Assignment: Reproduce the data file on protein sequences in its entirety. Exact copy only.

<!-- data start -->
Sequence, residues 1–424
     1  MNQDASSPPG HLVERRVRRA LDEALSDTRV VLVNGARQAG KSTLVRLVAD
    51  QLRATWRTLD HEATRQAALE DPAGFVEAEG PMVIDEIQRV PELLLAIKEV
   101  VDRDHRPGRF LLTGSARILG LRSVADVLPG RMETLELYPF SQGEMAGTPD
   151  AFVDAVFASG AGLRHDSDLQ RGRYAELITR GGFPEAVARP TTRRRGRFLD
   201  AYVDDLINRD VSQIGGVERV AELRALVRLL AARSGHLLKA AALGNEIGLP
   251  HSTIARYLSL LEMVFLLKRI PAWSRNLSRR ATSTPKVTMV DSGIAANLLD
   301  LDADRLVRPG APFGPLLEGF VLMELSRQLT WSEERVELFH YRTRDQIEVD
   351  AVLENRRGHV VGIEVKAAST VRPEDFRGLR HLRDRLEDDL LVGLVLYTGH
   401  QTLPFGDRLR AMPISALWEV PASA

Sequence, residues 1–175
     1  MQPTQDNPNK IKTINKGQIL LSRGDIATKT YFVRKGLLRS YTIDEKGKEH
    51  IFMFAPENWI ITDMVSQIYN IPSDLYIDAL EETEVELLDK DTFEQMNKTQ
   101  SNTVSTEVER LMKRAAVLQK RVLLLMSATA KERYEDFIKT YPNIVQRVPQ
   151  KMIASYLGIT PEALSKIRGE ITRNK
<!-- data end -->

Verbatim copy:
Sequence, residues 1–424
     1  MNQDASSPPG HLVERRVRRA LDEALSDTRV VLVNGARQAG KSTLVRLVAD
    51  QLRATWRTLD HEATRQAALE DPAGFVEAEG PMVIDEIQRV PELLLAIKEV
   101  VDRDHRPGRF LLTGSARILG LRSVADVLPG RMETLELYPF SQGEMAGTPD
   151  AFVDAVFASG AGLRHDSDLQ RGRYAELITR GGFPEAVARP TTRRRGRFLD
   201  AYVDDLINRD VSQIGGVERV AELRALVRLL AARSGHLLKA AALGNEIGLP
   251  HSTIARYLSL LEMVFLLKRI PAWSRNLSRR ATSTPKVTMV DSGIAANLLD
   301  LDADRLVRPG APFGPLLEGF VLMELSRQLT WSEERVELFH YRTRDQIEVD
   351  AVLENRRGHV VGIEVKAAST VRPEDFRGLR HLRDRLEDDL LVGLVLYTGH
   401  QTLPFGDRLR AMPISALWEV PASA

Sequence, residues 1–175
     1  MQPTQDNPNK IKTINKGQIL LSRGDIATKT YFVRKGLLRS YTIDEKGKEH
    51  IFMFAPENWI ITDMVSQIYN IPSDLYIDAL EETEVELLDK DTFEQMNKTQ
   101  SNTVSTEVER LMKRAAVLQK RVLLLMSATA KERYEDFIKT YPNIVQRVPQ
   151  KMIASYLGIT PEALSKIRGE ITRNK